The digital world is pervasive in just about every aspect of our lives. It has even extended itself to one of our most time-honored musical instruments—the piano. Electronic keyboards have come a long way from your childhood Casio synthesizer or the imposing Synclavier. Today’s digital pianos are close facsimiles of real acoustic ones. When looking for a piano for your church or school auditorium, you’ll have to choose between acoustic versus digital pianos. Here’s what to look for.
Pianists know that the 88 keys on an acoustic piano have a certain feel. High-end digital pianos approximate the heft of acoustic keys, but more affordable models may lack that tactile weight. Then there are the pedals. The soft pedal on the left and the damper on the right physically alter the piano’s timbre by shifting hammers or dampers, respectively, to soften or sustain tones. Digital pianos include these, but because they don’t act in the same analog fashion, the effect lacks nuance.
A dreadful old pun reads thus: “You can tune a piano, but you can’t tuna fish.” Now that you’ve finished rolling your eyes, you can learn about tuning. Acoustic pianos require it; digital pianos don’t. An out-of-tune acoustic piano will sound worse than any digital counterpart, but the unshakably perfect tuning of a digital piano can lead to an uncanny-valley effect. This happens because the human ear notices when the tiny vacillations in pitch that attend true acoustic instruments are absent. Just as a digital piano is superior to an out-of-tune acoustic, when a high-quality acoustic piano is in tune and well maintained, there’s no substitute for it.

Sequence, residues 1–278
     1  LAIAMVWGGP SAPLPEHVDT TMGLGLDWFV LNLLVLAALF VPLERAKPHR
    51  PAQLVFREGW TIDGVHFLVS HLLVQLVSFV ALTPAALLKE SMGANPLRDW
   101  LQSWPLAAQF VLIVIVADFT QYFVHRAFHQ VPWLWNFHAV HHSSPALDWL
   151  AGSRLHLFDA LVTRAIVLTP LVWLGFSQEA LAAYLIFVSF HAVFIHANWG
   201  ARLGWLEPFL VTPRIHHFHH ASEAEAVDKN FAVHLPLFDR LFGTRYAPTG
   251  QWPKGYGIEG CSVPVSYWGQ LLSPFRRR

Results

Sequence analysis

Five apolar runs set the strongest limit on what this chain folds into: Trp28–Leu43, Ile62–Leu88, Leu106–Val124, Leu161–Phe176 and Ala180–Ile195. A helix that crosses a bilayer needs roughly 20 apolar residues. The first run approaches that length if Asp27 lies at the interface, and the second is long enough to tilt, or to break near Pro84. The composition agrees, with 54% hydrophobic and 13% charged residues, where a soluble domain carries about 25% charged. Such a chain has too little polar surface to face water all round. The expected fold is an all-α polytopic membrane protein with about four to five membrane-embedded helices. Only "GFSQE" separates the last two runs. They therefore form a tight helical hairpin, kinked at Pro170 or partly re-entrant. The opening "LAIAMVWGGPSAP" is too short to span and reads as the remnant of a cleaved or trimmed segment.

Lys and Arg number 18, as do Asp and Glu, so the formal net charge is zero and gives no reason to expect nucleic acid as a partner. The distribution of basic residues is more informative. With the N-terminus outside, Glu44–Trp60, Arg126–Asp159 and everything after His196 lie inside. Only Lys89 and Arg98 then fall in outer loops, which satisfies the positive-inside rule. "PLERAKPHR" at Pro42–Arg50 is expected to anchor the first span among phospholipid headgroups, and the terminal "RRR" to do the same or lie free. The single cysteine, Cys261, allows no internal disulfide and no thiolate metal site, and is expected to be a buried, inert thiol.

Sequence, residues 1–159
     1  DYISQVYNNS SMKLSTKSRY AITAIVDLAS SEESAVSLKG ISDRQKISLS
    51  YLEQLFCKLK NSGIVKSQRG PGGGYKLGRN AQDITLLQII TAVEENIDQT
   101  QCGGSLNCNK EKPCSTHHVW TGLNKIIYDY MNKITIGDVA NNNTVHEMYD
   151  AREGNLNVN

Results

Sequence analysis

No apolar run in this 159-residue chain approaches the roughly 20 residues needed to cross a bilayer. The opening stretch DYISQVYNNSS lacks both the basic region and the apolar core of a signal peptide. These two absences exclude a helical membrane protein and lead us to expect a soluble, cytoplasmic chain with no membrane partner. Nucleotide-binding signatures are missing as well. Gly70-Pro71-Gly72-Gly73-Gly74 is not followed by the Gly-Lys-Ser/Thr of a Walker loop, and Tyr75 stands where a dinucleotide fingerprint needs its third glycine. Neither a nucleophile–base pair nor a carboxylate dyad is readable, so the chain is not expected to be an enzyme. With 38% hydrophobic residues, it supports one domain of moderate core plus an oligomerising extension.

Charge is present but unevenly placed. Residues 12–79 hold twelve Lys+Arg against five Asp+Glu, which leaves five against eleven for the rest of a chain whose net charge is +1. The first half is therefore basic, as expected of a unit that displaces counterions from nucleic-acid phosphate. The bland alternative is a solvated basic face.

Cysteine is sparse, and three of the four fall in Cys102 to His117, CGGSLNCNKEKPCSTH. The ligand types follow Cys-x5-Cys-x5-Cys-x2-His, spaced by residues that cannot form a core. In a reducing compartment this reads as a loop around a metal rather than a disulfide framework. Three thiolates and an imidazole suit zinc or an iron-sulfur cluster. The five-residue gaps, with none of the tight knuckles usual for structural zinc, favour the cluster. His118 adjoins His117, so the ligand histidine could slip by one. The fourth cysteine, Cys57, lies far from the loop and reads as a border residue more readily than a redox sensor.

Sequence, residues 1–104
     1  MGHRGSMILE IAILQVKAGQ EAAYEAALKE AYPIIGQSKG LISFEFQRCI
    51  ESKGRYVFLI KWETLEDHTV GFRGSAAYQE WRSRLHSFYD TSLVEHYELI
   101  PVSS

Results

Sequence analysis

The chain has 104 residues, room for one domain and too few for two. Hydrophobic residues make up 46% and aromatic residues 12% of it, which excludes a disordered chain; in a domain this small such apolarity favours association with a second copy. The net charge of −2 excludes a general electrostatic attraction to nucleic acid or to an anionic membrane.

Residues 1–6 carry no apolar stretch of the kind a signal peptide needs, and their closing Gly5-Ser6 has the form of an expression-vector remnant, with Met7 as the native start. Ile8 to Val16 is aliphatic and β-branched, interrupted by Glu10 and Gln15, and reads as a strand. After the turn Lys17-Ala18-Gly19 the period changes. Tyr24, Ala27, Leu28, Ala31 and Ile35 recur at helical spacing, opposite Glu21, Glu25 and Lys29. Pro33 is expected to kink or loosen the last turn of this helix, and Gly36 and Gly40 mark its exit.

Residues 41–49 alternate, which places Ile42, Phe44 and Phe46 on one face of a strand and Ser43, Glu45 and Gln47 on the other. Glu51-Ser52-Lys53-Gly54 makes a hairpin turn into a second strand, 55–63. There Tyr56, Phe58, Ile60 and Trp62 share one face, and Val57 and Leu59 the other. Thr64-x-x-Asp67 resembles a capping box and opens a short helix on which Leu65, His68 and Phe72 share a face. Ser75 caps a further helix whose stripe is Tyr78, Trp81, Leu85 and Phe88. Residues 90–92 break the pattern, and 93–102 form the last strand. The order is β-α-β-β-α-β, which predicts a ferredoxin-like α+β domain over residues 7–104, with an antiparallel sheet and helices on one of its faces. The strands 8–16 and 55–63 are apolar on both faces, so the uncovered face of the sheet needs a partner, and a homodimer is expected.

A digital piano is often more than just a piano. By pressing a few buttons, you can transform your piano into a Hammond organ, a pipe organ, a Rhodes piano, a harpsichord, or even a non-keyboard instrument, like a string ensemble or birdsong player. An acoustic piano, on the other hand, can only ever be a piano. While the additional voices of a digital piano may be alluring, remember that the piano setting is what matters most. A digital piano’s keys are really playing sound files. As such, if those files compare poorly to the authentic hammers and strings of an acoustic piano, the novelty of having 1,000 instruments at your fingertips will be an empty one.
One of the biggest struggles churches face in incorporating piano music into their services is making sure the congregation can hear it. It’s a challenge to put microphones on a piano and accurately capture its sound. Since it’s an electronic instrument, amplifying a digital piano is easy. You just need to run it into a mixing board. Acoustic pianos require more creativity. Some technicians like to play around with microphone arrangements that capture a full spectrum of the piano. Others opt for piano pickup systems that run across the strings and amplify them. This method is similar to that of electric guitars.
The Final Analysis
A lot of factors go into weighing acoustic versus digital pianos. Which to choose may still not be readily apparent to you. For practice rooms, homes, or progressive music ensembles, the digital piano offers affordability and versatility. But if you hope to wow a crowd with the music of a piano, you need the real thing.